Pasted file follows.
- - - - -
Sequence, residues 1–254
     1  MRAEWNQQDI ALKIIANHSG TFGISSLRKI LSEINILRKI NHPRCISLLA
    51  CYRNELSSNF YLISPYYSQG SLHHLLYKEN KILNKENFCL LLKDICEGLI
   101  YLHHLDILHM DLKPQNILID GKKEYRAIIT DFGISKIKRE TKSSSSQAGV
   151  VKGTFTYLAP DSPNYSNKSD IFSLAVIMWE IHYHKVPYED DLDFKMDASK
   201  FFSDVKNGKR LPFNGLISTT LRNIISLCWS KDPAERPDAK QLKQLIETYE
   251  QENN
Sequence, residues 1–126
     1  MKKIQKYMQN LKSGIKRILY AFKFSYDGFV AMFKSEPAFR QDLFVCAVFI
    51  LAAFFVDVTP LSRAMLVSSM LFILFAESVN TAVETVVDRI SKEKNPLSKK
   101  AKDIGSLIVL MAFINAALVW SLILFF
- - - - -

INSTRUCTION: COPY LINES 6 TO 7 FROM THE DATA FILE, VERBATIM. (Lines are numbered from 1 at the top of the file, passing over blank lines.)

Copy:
   201  FFSDVKNGKR LPFNGLISTT LRNIISLCWS KDPAERPDAK QLKQLIETYE
   251  QENN